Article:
Around 200 pilot whales die on an Australian beach

Ocean Beach, Australia.- Nail 200 pilot whales died after being stranded on a wave-swept beach on the rugged west coast of the Australian island of Tasmania, where The rescuers were only able to save about thirty copies this Thursday.

After an intense day of efforts in difficult conditions, only 32 of the approximately 226 pilot whales found stranded on the beach were able to be rescuedaccording to the state wildlife services.

“We have been refloating those whales deemed fit to be released into the sea,” Sam Thalmann, a marine biologist, told AFP.

“Every whale that has been released has been tagged. Unfortunately there may be a few that run aground again, but we expect most to head further out to sea,” he added.

Since the animals were found off the west coast of this South Australian island, locals have covered the pilot whales with blankets and doused them with buckets of water to keep them alive.

But in most cases it was not enough.

“Unfortunately, we have a high fatality rate in this stranding. This is mainly due to the exposure conditions at Ocean Beach,” Brendon Clark, operations manager for local wildlife services, told reporters.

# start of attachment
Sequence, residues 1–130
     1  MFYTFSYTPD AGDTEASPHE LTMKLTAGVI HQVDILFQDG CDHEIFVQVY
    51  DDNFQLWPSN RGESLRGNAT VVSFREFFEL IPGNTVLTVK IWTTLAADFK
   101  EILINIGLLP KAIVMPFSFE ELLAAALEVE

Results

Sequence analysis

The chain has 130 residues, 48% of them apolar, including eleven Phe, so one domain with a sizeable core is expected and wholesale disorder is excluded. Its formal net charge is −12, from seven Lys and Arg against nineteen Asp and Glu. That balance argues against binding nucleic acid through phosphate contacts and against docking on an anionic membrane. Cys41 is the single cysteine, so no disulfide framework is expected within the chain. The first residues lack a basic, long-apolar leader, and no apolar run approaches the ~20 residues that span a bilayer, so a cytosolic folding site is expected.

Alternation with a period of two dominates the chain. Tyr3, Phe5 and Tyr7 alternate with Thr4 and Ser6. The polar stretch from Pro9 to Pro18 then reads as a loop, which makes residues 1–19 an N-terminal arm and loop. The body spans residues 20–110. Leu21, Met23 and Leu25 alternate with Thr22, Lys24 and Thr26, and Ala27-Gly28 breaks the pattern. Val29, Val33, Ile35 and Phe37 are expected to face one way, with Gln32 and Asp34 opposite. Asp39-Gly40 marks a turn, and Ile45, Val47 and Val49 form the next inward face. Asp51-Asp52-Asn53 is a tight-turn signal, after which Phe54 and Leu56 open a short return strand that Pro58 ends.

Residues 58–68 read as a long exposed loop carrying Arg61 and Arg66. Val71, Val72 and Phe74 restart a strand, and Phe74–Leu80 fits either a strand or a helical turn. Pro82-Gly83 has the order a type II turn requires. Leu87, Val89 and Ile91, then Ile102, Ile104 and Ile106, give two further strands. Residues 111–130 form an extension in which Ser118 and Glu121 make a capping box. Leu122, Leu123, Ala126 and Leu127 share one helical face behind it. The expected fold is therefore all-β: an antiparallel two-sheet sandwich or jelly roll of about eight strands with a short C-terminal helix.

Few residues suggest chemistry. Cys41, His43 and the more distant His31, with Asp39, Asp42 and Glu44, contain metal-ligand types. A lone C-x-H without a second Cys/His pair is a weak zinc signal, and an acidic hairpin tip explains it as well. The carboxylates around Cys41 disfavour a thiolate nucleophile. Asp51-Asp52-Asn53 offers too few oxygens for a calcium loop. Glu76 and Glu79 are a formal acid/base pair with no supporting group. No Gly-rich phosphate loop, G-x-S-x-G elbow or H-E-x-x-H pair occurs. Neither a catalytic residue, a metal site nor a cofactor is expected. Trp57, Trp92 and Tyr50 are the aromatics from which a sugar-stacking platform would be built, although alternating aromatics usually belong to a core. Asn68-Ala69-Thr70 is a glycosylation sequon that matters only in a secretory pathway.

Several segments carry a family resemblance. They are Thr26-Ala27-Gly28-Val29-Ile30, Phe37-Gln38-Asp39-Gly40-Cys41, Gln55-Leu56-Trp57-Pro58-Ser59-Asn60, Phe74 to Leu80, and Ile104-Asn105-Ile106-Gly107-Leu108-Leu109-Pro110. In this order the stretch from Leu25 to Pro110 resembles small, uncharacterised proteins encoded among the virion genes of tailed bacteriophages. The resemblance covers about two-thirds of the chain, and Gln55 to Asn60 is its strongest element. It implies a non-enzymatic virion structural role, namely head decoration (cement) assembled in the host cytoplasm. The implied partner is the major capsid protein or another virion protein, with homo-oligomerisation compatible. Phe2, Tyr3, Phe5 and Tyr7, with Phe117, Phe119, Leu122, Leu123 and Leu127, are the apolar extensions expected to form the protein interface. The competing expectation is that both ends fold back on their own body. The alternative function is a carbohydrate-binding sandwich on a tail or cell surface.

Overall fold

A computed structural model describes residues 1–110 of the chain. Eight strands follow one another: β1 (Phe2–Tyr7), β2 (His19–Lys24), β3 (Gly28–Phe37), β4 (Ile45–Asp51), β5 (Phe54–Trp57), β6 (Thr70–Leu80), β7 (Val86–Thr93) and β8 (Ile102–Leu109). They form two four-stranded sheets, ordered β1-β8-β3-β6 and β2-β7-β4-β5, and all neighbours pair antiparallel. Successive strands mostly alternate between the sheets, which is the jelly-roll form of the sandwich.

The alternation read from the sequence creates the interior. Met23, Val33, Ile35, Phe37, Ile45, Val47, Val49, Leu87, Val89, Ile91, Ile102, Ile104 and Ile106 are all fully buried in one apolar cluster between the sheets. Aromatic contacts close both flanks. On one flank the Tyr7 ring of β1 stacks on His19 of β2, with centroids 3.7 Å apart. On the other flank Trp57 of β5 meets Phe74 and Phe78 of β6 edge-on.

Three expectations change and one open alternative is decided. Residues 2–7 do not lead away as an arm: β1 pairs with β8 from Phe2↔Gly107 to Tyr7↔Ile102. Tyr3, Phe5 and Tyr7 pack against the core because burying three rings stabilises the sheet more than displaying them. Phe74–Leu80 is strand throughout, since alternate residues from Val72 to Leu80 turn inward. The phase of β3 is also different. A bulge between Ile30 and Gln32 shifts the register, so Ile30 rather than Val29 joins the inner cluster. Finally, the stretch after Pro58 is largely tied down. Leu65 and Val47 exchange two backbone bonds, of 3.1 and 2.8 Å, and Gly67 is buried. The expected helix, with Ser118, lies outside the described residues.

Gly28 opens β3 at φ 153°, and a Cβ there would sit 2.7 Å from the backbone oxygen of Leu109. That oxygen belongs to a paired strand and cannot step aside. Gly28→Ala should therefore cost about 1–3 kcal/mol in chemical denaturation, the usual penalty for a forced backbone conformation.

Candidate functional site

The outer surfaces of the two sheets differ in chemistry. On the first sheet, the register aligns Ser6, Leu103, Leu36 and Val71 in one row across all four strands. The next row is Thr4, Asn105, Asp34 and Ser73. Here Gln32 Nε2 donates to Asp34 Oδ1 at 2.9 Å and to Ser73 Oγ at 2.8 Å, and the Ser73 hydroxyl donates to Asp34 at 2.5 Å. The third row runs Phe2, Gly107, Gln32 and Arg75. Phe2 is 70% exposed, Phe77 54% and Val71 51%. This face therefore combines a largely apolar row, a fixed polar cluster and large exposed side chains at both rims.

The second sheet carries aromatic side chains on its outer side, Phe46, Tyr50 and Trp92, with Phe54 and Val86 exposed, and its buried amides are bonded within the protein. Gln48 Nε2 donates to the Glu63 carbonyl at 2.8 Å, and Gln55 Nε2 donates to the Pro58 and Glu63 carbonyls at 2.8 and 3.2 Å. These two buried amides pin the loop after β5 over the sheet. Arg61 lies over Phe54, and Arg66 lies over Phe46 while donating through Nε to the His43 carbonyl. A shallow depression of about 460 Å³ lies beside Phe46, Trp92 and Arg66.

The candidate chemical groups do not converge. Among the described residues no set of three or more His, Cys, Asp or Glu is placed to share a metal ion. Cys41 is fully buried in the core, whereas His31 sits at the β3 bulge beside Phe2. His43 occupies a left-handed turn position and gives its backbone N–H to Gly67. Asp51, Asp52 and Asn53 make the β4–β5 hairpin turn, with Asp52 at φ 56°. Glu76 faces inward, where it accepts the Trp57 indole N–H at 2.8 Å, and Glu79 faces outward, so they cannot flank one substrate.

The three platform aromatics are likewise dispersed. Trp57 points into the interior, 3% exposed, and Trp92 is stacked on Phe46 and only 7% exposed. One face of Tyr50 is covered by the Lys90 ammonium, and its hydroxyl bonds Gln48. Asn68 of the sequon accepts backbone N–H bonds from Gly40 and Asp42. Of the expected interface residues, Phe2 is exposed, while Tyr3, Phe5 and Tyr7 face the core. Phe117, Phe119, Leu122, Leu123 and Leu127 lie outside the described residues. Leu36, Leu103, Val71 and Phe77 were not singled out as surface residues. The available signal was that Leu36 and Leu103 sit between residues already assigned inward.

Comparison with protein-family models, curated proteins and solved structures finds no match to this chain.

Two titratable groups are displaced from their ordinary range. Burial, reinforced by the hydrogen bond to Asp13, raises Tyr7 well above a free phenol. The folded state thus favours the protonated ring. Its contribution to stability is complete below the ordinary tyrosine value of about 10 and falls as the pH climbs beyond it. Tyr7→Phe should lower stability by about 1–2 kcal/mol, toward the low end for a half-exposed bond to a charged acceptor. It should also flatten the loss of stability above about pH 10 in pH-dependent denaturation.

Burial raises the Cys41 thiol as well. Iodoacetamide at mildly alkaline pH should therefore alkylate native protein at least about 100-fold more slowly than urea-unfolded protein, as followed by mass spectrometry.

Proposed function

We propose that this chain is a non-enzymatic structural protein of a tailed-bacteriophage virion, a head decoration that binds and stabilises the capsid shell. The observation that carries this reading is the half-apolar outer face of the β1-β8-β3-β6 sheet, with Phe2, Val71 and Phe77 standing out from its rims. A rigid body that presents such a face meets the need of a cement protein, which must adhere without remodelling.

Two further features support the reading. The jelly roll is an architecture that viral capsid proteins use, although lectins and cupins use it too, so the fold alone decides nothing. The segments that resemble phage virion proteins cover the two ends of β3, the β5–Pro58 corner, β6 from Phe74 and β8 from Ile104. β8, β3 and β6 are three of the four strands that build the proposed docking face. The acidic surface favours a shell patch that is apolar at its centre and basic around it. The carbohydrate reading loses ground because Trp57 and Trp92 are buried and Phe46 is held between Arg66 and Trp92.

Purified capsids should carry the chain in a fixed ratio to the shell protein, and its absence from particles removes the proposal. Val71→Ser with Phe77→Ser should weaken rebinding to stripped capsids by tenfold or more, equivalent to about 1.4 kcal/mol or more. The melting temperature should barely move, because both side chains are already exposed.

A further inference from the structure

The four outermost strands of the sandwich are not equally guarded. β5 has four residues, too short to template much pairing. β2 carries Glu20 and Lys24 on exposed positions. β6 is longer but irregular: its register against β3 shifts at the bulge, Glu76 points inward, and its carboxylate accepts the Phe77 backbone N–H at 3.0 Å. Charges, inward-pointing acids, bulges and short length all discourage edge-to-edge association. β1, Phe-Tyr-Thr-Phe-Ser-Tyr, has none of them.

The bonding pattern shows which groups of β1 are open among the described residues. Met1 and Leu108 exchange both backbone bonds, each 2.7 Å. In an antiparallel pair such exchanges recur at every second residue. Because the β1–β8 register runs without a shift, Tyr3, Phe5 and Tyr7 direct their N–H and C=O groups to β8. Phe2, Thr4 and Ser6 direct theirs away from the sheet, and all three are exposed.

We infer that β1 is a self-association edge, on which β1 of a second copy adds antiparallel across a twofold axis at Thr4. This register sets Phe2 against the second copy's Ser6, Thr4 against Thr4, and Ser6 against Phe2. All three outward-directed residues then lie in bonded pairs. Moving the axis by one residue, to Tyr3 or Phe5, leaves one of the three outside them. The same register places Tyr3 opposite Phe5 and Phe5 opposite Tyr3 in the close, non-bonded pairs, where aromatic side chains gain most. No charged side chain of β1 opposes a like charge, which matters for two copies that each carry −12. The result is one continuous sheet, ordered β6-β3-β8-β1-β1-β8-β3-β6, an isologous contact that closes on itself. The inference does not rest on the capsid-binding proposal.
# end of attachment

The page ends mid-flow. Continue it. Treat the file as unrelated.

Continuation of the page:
“The environmental conditions, the waves that are on the exposed west coast, it is certainly taking its toll on the animals,” he added.

Among the tasks was also the removal of animal carcasses to avoid attracting sharks to the area.

Two years ago, that same area was the scene of the stranding of almost 500 pilot whales, the largest recorded in the country. More than 300 died despite efforts to rescue them.

Clark said conditions were less harsh then for the cetaceans because they were “in much more sheltered waters.”

– Investigation of the causes –

The remains of the dead animals will be subject to autopsies to try to find out the reason for the stranding, often unknown.

Scientists suggest that it may be due to specimens that lost their way after searching for food near the coast.

Pilot whales, which can grow up to six meters, are highly social animals and follow mates who may be in danger.

It sometimes happens when old, sick or injured whales swim to shore and other pod members follow them, trying to respond to distress signals from the stranded whale.

Others believe that gently sloping beaches like those in Tasmanian they confuse the sonar of the cetaceans and make them believe that they are in the open sea.

This week, 14 dead young male sperm whales had also been found washed up on a remote beach on King Island, situated between Tasmania and the Melbourne coast.

The death of the cetaceans could be a case of “misadventure”, wildlife biologist Kris Carlyon, of the state government’s environmental agency, told the local Mercury newspaper.

Strandings of large aquatic mammals are also common in nearby New Zealand, with an average of 300 animals stranded each year, according to official data.

Discoveries of 20 or 50 pilot whales are not uncommon there. Even in 2017, there was a massive stranding of almost 700 specimens.